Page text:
https://www.hampshirechronicle.co.uk/news/18602214.updated-salmon-trout-conservation-argue-alresford-salads-pollution-river-itchen/

https://www.endsreport.com/article/1690492/salad-washing-plant-pumped-harmful-levels-neonicotinoid-chalk-stream

https://www.hampshirechronicle.co.uk/news/18630704.bakkavor-close-alresford-salad-branch-loss-100-jobs/

https://www.hampshirechronicle.co.uk/news/18651943.mixed-reaction-bakkavor-factory-closing-doors/

S&TC Recent Press Releases:

Levels of Acetamiprid, a pesticide discharged by Bakkavor into the upper Itchen catchment, have regularly exceeded acceptable concentrations by a factor of up to four times.

https://salmon-trout.org/2020/06/23/toxic-neonicotinoid-washed-off-salad-leaves-into-protected-chalkstream/

Identification of 36 other chemicals from Bakkavor Alresford salad washing activities which could be causing environmental damage.  The company declared they were permitted although the EA believed they “present a real or present danger to the environment”.

https://salmon-trout.org/2020/07/23/thirty-six-toxic-pesticides-washed-into-headwaters-of-sac-chalkstream/

Reporting with a purpose

S&TC are a national organisation and we use evidence from local case studies to help instigate policy changes that will benefit UK wild fish populations. But, this is just part of the value - we are making all our Riverfly Census findings available so they can be used to inform local management and drive action.

Each individual river report is based on three years of surveying data. Where possible, we have linked up our findings with other existing literature and data. Using the available information we suggest where local fishing and/or conservation groups can focus their management efforts to achieve the best health outcomes for each of the 12 original Census rivers.

Some of our local reports can be found on the slider below. Alternatively, visit the Riverfly Census page and scroll down to the map.

Phosphorus, Chickens and the River Wye

S&TC’s agricultural policy is simple; incentivise farmers to invest in their infrastructure and spread the word about modern soil management, but always be prepared to use the current legislation to regulate persistent offenders...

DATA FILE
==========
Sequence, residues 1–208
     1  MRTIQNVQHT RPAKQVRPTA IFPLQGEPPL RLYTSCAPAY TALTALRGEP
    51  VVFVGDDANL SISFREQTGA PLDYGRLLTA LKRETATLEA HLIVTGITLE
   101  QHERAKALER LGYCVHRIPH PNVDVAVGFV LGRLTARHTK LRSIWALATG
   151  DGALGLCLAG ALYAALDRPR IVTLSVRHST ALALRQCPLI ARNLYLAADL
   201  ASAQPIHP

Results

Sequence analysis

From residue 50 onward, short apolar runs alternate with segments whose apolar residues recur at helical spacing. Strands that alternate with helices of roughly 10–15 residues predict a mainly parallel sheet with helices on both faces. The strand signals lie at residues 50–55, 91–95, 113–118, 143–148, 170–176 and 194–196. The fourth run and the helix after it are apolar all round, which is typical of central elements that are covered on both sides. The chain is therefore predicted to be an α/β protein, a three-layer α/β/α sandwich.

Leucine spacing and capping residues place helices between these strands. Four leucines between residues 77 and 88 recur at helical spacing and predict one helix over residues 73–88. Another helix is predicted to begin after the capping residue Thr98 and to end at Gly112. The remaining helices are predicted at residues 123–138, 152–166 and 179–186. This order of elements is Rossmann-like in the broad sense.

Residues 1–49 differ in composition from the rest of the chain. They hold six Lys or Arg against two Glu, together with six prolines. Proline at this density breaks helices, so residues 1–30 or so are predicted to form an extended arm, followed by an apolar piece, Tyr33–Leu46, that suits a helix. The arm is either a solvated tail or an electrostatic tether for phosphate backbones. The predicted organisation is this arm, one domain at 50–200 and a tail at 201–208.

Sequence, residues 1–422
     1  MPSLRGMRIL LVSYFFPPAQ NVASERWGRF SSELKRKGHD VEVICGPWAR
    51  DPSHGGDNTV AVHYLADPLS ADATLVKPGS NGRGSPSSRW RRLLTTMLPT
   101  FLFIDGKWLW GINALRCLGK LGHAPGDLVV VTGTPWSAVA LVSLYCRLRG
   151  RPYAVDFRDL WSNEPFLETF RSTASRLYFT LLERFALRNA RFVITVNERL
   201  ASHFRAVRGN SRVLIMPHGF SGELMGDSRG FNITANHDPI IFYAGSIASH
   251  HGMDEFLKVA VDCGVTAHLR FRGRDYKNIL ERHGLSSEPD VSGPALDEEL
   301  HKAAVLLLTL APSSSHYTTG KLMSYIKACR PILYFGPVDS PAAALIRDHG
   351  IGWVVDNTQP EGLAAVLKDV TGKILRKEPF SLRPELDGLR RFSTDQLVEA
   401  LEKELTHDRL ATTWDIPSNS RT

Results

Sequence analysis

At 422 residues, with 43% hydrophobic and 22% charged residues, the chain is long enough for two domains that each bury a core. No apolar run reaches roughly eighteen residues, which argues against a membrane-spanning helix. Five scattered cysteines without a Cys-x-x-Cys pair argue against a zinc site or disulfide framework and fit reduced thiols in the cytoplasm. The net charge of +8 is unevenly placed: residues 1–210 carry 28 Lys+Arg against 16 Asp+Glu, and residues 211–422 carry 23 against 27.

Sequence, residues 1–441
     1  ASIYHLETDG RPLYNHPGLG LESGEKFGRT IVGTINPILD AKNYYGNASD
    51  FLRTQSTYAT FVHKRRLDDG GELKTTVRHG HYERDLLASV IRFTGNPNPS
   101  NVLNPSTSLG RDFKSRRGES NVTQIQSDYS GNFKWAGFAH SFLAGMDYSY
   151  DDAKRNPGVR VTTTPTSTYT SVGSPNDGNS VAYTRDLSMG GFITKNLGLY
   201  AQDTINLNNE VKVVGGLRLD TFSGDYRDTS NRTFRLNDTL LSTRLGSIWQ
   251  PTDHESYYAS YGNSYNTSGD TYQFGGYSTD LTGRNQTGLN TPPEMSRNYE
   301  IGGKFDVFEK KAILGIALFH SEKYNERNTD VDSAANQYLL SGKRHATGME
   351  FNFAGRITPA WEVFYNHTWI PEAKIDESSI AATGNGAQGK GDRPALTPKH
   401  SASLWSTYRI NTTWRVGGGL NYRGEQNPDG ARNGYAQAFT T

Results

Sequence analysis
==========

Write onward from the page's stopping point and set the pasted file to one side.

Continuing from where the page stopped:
Paul Knight, S&TC Fisheries Consultant

George Monbiot writing in the Guardian recently highlighted the dreadful state of Welsh rivers.  He focussed on the Wye, where intensive chicken farming discharges phosphate (P) at far greater levels than the safe carrying capacity of the river, leading to awful water quality and subsequent impact on its wildlife.  The NFU hang on the coattails of Natural Resources Wales, who state that P has improved in the river over recent years, but rather than crow that excess nutrient is no longer a problem, it is important to understand the way P acts in a river, and why no-one should be complacent about the state of the Wye or its sister Welsh rivers.

The easiest way to explain P’s impact on a river is to think of a cliff gently sloping down until it reaches an edge, which then drops vertically into the sea – let’s give the cliff-edge a value of 30 and the top of the gentle slope as 100.  P at 40 has broadly the same impact on water quality as it does at 100 – too much nutrient leading to excess algae growth, discoloured water and the ‘dirty’ riverbed to which George Monbiot  alludes, but once it drops back to 30, the improvement is dramatic, and the symptoms fall away, you might say, over the cliff edge and into the sea.

This rather simplistic explanation has an important message, cutting P back from 100 to, say, 50, is a huge improvement, to which government agencies and the likes of the NFU will crow about the great job being done.  However, in terms of water quality improvement that actually supports more resilient and healthy life in the river, it is virtually useless.  More work needs to be done to reach 30 at the cliff edge, and then the river really starts a rapid improvement.

So why is excess P a problem to water life, apart from making the river environment murky and the bed gravels covered in algae?  S&TC’s Riverfly Census showed that P, along with sediment and toxic chemicals, are the biggest river polluters across the UK, and that agriculture is their main source. Our further research proved that high P levels, particularly in conjunction with sediment, kills water insects, the vital basis of a river’s food chain.  So, P, especially in conjunction with sediment, is actually toxic to water life unless kept down to natural values, 30 in our scenario.

S&TC is now using this evidence to press Welsh government and Natural Resources Wales, and Defra/Environment Agency (EA) in England, to take river pollution seriously and tighten agricultural regulation to ensure that the wildlife of rivers such as the Wye have a much more natural environment in which to thrive.  We can never return our watercourses to their truly natural state, there will always be human impact in such a closely managed countryside as we have in the UK, but there are issues we can do something about if we have the political commitment to address them, and cutting back agricultural impact on our rivers is definitely one of those.